The Department of Conservation, Fairfax Media and the Tasman Environment Trust launched the campaign in December, and Ms Barry visited the Nelson Lakes area today to bait a trap and see first-hand how effective the ‘Wasp Wipeout’ has been.
“Wasps are a menace. They’re one of the most damaging insect pests in New Zealand and are a real problem in beech forest where they compete with kākā, tui and bellbirds for the high energy food honeydew,” Ms Barry says.
“They’ve been seen killing chicks emerging from eggs and they decimate insect populations. Introduced wasps rip apart insects and attack honey bees which are already under threat.”
“The common and German species of wasps have found their way into New Zealand since the 1940s and have had a serious economic impact on farming, beekeeping, horticulture and forestry. They are estimated to cost New Zealand’s economy more than $130 million a year.”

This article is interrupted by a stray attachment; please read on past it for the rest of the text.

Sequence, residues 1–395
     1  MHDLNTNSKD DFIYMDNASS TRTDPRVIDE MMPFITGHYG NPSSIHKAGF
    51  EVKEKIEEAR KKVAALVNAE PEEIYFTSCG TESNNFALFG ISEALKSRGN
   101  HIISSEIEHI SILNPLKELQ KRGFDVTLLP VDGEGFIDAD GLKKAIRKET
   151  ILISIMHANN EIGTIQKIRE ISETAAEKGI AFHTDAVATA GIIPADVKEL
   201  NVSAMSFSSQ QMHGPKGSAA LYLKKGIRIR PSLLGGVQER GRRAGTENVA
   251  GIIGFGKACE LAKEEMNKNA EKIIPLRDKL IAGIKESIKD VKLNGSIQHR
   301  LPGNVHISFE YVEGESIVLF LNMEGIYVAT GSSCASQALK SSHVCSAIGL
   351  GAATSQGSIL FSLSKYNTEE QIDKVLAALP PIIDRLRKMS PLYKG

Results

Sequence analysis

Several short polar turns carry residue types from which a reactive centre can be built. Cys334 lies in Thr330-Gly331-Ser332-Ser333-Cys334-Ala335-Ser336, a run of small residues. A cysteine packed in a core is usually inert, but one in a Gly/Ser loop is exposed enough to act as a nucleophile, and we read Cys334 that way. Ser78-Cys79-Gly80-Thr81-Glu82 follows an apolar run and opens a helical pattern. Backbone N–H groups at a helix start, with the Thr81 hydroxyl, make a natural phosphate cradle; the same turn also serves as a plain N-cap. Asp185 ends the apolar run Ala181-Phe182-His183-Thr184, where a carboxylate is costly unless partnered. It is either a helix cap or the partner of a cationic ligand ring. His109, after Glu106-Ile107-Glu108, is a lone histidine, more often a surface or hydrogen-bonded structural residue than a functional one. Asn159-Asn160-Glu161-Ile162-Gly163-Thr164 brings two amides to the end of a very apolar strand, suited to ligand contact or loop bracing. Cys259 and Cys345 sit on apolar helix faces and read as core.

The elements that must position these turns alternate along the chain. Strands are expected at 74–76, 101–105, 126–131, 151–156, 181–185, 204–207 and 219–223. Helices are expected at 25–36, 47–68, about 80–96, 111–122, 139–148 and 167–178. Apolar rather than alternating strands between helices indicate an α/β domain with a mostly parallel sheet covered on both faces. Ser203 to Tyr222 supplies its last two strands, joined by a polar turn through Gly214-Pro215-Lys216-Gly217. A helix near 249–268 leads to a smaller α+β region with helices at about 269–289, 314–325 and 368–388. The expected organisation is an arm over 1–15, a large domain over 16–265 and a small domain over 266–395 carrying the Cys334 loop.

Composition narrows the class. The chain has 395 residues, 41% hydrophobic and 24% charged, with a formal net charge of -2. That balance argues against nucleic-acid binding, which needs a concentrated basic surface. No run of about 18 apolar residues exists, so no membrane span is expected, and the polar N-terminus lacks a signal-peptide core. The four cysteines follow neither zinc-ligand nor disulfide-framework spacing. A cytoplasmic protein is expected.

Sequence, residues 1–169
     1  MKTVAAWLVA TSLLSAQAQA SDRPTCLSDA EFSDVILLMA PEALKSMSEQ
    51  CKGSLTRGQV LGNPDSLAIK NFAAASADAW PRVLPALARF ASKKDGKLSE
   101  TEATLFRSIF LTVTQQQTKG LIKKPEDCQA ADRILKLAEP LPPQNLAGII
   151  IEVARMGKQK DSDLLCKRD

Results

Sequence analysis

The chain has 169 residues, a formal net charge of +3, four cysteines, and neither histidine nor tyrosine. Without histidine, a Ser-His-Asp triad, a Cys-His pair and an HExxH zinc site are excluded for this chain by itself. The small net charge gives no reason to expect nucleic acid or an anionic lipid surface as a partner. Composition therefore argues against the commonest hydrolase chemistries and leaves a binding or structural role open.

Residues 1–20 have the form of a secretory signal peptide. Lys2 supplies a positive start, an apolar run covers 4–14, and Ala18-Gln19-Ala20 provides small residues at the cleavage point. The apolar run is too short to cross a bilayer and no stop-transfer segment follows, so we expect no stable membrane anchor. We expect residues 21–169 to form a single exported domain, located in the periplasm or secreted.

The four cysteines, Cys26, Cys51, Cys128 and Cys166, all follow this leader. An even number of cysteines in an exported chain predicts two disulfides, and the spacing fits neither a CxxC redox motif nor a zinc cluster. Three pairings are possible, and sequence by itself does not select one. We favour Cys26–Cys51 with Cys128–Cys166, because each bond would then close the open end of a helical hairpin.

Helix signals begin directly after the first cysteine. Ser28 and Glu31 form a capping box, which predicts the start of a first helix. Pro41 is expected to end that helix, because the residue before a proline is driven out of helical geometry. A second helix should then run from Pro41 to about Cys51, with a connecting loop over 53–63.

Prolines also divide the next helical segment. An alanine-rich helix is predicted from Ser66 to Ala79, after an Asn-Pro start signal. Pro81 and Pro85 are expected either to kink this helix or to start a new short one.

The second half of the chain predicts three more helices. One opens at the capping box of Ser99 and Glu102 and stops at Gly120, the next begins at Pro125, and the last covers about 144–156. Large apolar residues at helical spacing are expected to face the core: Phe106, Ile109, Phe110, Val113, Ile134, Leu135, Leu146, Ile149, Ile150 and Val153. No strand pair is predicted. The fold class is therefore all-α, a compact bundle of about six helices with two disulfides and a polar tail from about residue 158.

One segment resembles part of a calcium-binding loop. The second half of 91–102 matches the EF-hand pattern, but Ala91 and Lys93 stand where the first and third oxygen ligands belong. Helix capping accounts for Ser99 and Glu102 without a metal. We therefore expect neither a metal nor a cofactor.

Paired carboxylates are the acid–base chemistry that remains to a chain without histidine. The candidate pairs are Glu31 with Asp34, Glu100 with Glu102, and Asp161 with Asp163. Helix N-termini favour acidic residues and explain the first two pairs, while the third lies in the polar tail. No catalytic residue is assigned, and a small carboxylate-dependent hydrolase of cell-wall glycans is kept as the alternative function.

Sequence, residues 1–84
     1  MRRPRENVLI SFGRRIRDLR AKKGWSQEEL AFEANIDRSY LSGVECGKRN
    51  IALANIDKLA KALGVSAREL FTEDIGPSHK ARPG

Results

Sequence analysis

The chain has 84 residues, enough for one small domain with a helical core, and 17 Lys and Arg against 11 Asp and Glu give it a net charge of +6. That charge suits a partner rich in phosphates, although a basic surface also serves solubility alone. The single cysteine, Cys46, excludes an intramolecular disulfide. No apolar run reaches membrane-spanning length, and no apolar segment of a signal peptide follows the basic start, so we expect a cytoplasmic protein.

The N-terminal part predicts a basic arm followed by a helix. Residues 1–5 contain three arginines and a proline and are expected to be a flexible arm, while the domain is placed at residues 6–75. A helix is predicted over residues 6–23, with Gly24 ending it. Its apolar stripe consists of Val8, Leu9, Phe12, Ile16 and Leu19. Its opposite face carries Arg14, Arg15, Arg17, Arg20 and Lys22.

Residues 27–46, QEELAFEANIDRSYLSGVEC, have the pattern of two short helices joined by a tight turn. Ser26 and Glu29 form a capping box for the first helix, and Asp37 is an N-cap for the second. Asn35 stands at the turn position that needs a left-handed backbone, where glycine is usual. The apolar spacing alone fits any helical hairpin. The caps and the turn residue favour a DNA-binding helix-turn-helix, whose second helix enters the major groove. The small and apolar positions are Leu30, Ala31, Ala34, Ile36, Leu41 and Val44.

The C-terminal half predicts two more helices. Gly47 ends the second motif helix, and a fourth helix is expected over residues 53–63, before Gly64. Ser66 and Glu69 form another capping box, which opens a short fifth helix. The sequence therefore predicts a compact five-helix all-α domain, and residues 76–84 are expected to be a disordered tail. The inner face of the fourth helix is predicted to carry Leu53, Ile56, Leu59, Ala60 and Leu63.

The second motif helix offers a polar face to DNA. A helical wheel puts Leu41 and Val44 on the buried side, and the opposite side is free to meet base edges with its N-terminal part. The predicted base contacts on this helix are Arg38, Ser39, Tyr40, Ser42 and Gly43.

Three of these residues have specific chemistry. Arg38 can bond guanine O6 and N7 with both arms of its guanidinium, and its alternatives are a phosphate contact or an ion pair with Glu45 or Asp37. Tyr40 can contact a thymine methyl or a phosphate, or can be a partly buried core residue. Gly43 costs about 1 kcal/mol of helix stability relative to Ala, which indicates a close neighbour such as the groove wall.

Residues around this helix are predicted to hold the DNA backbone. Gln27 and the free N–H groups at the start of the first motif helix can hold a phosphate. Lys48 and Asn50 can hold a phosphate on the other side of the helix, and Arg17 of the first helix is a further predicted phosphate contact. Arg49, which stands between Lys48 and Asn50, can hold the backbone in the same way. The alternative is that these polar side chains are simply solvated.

“They are also a nuisance to people spending time in our forests, parks and picnic areas and even their own backyards.”
“The Vespex bait system was developed in Nelson by Dr Richard Toft in conjunction with DOC and is now readily available to be used in communities around New Zealand. People can buy Vespex online by registering, taking a short safety test and becoming an approved user.”
Fairfax Media has raised more than $55,000 for wasp control.
“The funding has provided $30,000 for DOC wasp control underway in priority areas. That’s on top of nearly $80,000 being spent in the area on wasp control by DOC. Another $20,000 in donations is being distributed to community groups through the Tasman Environment Trust,” Ms Barry says.
“The Vespex bait system is a game changer and has proved to be highly successful in reducing wasp activity by more than 95 per cent where it’s been used. A few weeks ago you couldn’t hear yourself think for the sound of wasps buzzing in the Nelson Lakes area but now there’s no buzz and you can hear the sounds of bellbirds again.”
Vespex is a protein bait containing the commonly-used insecticide fipronil that is placed in bait stations and taken back to wasp nests to feed larvae. Vespex is only available in New Zealand.
“Many nests can be destroyed with just 20 g of Vespex from a single bait station. The wasps take the bait back to their nest where it wipes them out overnight,” Ms Barry says.
Wasp Wipeout: A community-led project reclaims our outdoors from pests Stuff website